Government paying millions of rands to South Africans for damage caused by potholes

 ·18 Nov 2020

Transport minister Fikile Mbalula says that government has paid out money to hundreds of motorists over the last year due to damage caused by potholes on the country’s roads.

Responding in a recent written parliamentary Q&A, Mbalula said that since the beginning of the 2019/20 financial year, 229 new pothole claims with a total value of R5,219,365.03 were lodged against the department.

Of these claims, 14 were valued above R100,000 per case, he said.

Looking at the period between 1 April – 30 August 2020, 91 new pothole claims with a total value of R1,977,420 have been lodged against the department. Of these claims, four were valued above R100,000 per case, Mbalula said.

Data published by Statistics South Africa in October shows a steady decline in infrastructure spending from the government over the last year.

Stats SA’s data shows that delays and interruptions hampered infrastructure spending by provincial government during the 2018/19 fiscal year. This mainly affected the rehabilitation and maintenance of road infrastructure as well as the construction of schools.

South Africa’s 123 provincial government departments recorded a decrease in infrastructure spending – referred to as capital expenditure – of R1.88 billion in 2018/19. This represents a fall of 5.4% compared with 2017/18.

The general fall in infrastructure investment mirrors the long-term stagnation in the construction industry, Stats SA said. Construction experienced its eighth consecutive quarter of economic decline in the second quarter of 2020, according to the latest gross domestic product (GDP) figures.

“Infrastructure development is important. Economic infrastructure (e.g. electricity and water supply, transport, communications) and social infrastructure (e.g. schools, universities, hospitals) provide a foundation for economic and social activity,” the statistics body said.

“Infrastructure development is one of many dimensions to achieving sustainable growth in GDP and, accordingly, expanding the labour market; provided that it’s directed towards areas of greatest need. The statistics on infrastructure investment will continue to attract much interest and attention.”

State of roads leading to legal claims 

The escalating road maintenance crisis in South Africa means many people drive on treacherous roads which are the direct cause of accidents that result in serious injuries and deaths, says Kirstie Haslam, partner at DSC Attorneys.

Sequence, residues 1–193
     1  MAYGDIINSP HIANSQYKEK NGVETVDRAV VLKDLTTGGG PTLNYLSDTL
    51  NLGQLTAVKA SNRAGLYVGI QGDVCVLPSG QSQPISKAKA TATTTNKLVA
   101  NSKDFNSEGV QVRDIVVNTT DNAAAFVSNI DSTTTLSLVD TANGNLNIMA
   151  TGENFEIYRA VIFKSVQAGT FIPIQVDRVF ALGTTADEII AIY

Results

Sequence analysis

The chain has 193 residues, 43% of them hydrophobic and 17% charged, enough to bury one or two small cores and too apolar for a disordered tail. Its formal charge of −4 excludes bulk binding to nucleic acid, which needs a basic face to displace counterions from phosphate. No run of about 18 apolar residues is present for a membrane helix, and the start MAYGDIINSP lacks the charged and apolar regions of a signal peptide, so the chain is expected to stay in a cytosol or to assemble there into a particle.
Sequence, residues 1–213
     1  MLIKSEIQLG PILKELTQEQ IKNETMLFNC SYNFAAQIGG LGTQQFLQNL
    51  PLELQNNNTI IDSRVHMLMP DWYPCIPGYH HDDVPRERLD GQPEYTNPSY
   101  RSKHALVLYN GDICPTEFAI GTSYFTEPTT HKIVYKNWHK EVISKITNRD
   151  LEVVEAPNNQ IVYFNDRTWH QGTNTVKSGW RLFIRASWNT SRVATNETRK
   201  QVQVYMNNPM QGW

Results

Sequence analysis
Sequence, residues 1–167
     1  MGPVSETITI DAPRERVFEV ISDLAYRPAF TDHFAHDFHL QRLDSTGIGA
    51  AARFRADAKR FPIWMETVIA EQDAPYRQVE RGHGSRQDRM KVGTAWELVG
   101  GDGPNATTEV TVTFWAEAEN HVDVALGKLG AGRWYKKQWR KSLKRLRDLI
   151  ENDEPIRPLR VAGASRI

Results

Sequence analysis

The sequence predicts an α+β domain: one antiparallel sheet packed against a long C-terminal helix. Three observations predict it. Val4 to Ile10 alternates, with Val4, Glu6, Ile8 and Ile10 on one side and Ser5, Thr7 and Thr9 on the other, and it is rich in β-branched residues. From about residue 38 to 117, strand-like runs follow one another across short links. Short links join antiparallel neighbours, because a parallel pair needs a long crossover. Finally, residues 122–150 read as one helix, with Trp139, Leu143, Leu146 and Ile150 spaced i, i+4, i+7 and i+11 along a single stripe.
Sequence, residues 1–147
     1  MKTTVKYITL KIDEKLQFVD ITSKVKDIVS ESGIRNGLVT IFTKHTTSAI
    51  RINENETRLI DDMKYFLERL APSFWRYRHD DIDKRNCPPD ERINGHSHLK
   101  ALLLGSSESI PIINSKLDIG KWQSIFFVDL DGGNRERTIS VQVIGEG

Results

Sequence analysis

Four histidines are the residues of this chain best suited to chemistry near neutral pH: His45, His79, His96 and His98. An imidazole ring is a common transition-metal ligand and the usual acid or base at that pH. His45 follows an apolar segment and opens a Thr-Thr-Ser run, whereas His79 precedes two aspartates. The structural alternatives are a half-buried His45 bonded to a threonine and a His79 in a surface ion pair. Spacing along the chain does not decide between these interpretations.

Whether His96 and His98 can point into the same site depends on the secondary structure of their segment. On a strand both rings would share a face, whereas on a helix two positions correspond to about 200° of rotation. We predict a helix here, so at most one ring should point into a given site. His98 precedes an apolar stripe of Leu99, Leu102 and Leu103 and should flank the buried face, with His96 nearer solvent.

Haslam said that the statistics on South Africa’s road maintenance backlog explain the state of our roads. It’s estimated that South Africa needs R138 billion each year to fund road maintenance. An additional R27.5 billion is required to grow the road network by 1% annually.

Between 1998 and 2008, the road network that’s older than its planned 20-year lifespan rose from 36% to 78%. “Combine this with an estimated 4% increase in road traffic per annum and it’s unsurprising many of our roads are unsafe to drive on,” said Haslam.

She points out that as much as 77.5% of gravel roads are considered to be in poor condition. “It would take R115 billion to get the high-volume gravel roads upgraded and R1.7 trillion to upgrade all gravel roads,” she explains. “This would require a 4% rise in VAT or an additional R3 per litre fuel levy.”

Haslam said that  if you have been in an accident caused by the treacherous state of our roads the relevant responsible local authority or the State could, potentially, be liable for damages.

“Record details of the incident, if possible including photos of the accident, damage to vehicles and the road surface,” she said.

“Also record the names and contact details of any witnesses that can corroborate the details of the accident and attest to the fact that it was caused by poor road maintenance.”

Read: Data shows how government is falling behind on infrastructure – neglecting roads, schools and maintenance

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